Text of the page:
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A student from Delhi School of Social work, Vineet is a part of Project Sakhi Saheli, an initiative by the students of Delhi school of Social Work to create awareness on Menstrual Health and combat Period Poverty. Along with MHM Action Fellow Sabna, Vineet launched Menstratalk, a campaign that aims to put an end to period poverty and smash menstrual taboos in society.

As a start, the campaign aims to begin conversations on menstrual health with five hundred adolescents and youth in Delhi through offline platforms, and through this community mobilise support to create Period Friendly Institutions out of educational institutes in the city.

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A psychologist and co-founder of a mental health NGO called Customize Cognition, Ritika forayed into the space of menstrual health and hygiene, sexual and reproductive healthcare and rights and gender equality as an MHM Fellow with YKA. She says, “The experience of working on MHM/SRHR and gender equality has been an enriching and eye-opening experience. I have learned what’s beneath the surface of the issue, be it awareness, lack of resources or disregard for trans men, who also menstruate.”

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A Computer Science engineer by education, Nitisha started her career in the corporate sector, before realising she wanted to work in the development and social justice space. Since then, she has worked with Teach For India and Care India and is from the founding batch of Indian School of Development Management (ISDM), a one of its kind organisation creating leaders for the development sector through its experiential learning post graduate program.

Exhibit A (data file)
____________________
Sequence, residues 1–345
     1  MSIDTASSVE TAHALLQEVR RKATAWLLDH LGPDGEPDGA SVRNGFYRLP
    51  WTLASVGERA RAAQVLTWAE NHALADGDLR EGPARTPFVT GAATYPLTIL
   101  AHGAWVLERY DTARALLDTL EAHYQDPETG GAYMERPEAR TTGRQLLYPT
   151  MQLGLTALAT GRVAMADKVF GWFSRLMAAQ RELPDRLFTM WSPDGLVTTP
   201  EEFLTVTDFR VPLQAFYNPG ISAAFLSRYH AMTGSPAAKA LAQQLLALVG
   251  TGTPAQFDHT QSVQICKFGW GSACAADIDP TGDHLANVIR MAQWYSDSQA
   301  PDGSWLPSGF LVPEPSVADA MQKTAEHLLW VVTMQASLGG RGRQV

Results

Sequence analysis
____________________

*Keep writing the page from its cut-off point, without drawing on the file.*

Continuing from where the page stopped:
As a Youth Ki Awaaz Menstrual Health Fellow, Nitisha has started Let’s Talk Period, a campaign to mobilise young people to switch to sustainable period products. She says, “80 lakh women in Delhi use non-biodegradable sanitary products, generate 3000 tonnes of menstrual waste, that takes 500-800 years to decompose; which in turn contributes to the health issues of all menstruators, increased burden of waste management on the city and harmful living environment for all citizens.

Let’s Talk Period aims to change this by

Find out more about her campaign here.

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A former Assistant Secretary with the Ministry of Women and Child Development in West Bengal for three months, Lakshmi Bhavya has been championing the cause of menstrual hygiene in her district. By associating herself with the Lalana Campaign, a holistic menstrual hygiene awareness campaign which is conducted by the Anahat NGO, Lakshmi has been slowly breaking taboos when it comes to periods and menstrual hygiene.

A Gender Rights Activist working with the tribal and marginalized communities in india, Srilekha is a PhD scholar working on understanding body and sexuality among tribal girls, to fill the gaps in research around indigenous women and their stories. Srilekha has worked extensively at the grassroots level with community based organisations, through several advocacy initiatives around Gender, Mental Health, Menstrual Hygiene and Sexual and Reproductive Health Rights (SRHR) for the indigenous in Jharkhand, over the last 6 years.

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A Guwahati-based college student pursuing her Masters in Tata Institute of Social Sciences, Bidisha started the #BleedwithDignity campaign on the technology platform Change.org, demanding that the Government of Assam install
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Bidisha was selected in Change.org’s flagship program ‘She Creates Change’ having run successful online advocacy